About the institute
Health and Social Care Institute
The Health and Social Care Institute aims to create an environment that promotes, supports and develops high quality research on health and social care topics. It aims to nurture interdisciplinary research across the University and in partnership with external groups and bodies. Dissemination of high quality outputs at local, national and international levels is key.
Our work is coordinated within two major strands:
- Rehabilitation sciences.
- Public health
The applied research and innovation work in rehabilitation sciences is focused on the themes of disabling and painful conditions, the development and application of technology, and physical activity.
More about our rehabilitation sciences work
The applied research and innovation in Public Health focuses on the translation and application of research evidence into practice and policy and is pursued, in part, through our collaboration in the UKCRC funded Public Health Centre of Excellence and the Centre for Translational Research in Public Health (CTRPH).
More about our public health work
What is distinctive about the research agenda of HSCI?
Research in HSCI is essentially applied in nature. Our goal is to undertake and produce work capable of making a real practical difference in the fields of health and social care. Many projects arise from practice or policy problems experienced in the field, so the development of new research involves a two-way exchange of ideas as researchers help practitioners establish ways of researching or studying a problem or evaluating a service development to see if it is really effective. Service users are part of this equation as the end users of many of the products or service developments, and we are developing our ability to involve them in the development of research ideas and projects.
How will HSCI nurture inter-disciplinary research?
HSCI contains an eclectic mix of researchers from different disciplinary backgrounds. People originally trained in physiotherapy or nursing work alongside those from social science backgrounds. Those with strong skills in statistics are complemented by others with interests in systematic reviewing or physiological measurement. This means there is an Institute-wide capacity for peer review of applications or work going forward for publication. Many researchers are also involved in collaborative work with colleagues in different institutions, and draw down the specialist knowledge needed for some projects to produce the best quality application or project design.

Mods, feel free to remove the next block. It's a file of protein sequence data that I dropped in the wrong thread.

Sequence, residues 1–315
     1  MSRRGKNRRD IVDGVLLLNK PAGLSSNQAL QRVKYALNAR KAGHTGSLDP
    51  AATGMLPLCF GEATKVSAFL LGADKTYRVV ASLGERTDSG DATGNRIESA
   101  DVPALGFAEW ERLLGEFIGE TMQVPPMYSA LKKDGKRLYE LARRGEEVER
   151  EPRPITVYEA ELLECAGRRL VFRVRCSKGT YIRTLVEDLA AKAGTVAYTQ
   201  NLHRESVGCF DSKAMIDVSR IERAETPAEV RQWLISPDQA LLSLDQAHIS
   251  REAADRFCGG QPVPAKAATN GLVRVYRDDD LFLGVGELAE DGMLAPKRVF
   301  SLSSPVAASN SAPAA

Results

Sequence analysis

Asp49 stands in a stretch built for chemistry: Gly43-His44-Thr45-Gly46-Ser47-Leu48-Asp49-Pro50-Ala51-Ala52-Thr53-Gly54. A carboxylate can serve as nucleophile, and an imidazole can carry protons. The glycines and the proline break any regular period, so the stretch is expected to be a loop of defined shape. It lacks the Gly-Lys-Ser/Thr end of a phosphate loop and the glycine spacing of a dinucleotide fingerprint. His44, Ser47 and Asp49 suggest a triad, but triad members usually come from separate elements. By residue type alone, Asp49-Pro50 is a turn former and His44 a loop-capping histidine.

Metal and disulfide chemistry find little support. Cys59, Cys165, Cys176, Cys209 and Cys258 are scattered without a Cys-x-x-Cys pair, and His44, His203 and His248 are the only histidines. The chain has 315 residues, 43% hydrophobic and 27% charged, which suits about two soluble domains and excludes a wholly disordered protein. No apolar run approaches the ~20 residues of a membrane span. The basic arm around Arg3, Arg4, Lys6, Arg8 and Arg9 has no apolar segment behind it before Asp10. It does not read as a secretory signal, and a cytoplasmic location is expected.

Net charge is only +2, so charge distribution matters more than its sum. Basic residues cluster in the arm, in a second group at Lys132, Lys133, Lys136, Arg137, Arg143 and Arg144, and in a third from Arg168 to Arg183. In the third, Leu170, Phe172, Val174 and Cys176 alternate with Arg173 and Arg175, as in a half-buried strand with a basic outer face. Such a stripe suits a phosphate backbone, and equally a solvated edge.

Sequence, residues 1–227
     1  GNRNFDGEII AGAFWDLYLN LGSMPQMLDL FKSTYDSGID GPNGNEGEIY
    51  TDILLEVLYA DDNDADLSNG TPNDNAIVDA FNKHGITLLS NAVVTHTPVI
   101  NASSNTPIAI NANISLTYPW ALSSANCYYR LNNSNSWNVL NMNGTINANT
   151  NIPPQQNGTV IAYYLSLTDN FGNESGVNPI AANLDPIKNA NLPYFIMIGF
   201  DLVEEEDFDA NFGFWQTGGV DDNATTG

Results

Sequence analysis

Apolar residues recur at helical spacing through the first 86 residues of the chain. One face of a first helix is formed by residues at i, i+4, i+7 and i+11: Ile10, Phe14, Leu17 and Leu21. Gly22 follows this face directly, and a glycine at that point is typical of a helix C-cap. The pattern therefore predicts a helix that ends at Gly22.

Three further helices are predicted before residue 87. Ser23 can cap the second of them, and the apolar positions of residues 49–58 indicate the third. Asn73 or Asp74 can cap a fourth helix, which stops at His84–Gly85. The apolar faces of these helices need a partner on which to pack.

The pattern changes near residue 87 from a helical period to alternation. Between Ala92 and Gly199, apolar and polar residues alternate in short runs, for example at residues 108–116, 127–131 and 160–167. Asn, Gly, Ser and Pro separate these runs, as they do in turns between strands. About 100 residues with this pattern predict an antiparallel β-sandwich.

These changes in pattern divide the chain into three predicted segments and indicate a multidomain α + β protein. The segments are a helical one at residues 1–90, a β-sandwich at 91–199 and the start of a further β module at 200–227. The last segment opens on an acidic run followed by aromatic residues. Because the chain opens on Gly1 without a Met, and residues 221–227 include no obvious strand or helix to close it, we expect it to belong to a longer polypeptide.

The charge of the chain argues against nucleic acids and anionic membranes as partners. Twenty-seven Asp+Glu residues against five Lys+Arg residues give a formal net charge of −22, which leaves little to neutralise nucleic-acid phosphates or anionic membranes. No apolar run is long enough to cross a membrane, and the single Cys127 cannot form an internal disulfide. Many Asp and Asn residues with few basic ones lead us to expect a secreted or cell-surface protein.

What partnerships with external groups will HSCI seek to establish?
All HSCI researchers are encouraged to build and develop collaborative working links with academic colleagues in other institutions. Most major projects require a range of specialist skills. An example of an important collaboration is the Centre for Translational Research in Public Health, a UKCRC funded collaborative venture between the five North East universities which seeks to build capacity in researching public health and which specifically focuses on the issues and problems in translating public health research evidence into practice and policy. Our rehabilitation research group works closely with clinicians in the James Cook University Hospital and our public health evaluation group works with a number of local PCTs and government agencies in Scotland and England. We maintain day-to-day partnership working on a variety of projects and involve external bodies through membership of the Institute Board and advisory committee.
How do the research themes within HSCI relate to one another?
In rehabilitation, there are specific strands of work relating to research on pain, to rehabilitation after stroke, to work on knee and shoulder injury and to the use of exercise following major trauma or illness. In public health there work is on maternal obesity, the measurement of physical activity, and on children and young people’s mental well-being, with a strong strand of work focused in CHASE (Centre for Health and Social Evaluation) which undertakes evaluation of public health interventions. Several members of staff work across these two principal areas of rehabilitation and public health, bringing their skills to studies in each strand.
How will HSCI develop the research environment to encourage less experienced researchers and nurture quality research students?
In our membership we have a number of early career researchers and research associates. Not all of these are new or recent graduates. It is a characteristic of the health field that people may come into research after a career in practice. All junior or early career researchers are mentored through their principal investigator if they are working on externally funded projects or through an assigned mentor from experienced researchers. Mentors meet with their mentees at intervals to review their career plans where these involve research and to examine what needs to be put in place to support and assist their development. Our recently established research seminar series encourages all researchers in HSCI, including PhD students, to present their work. Seminars focus on methods and process issues rather than substantive findings, so they can become an occasion for sharing learning about research. A regular email newsletter contains updates of research grant opportunities, relevant training opportunities, seminars and stories about publications and grant successes of HSCI members.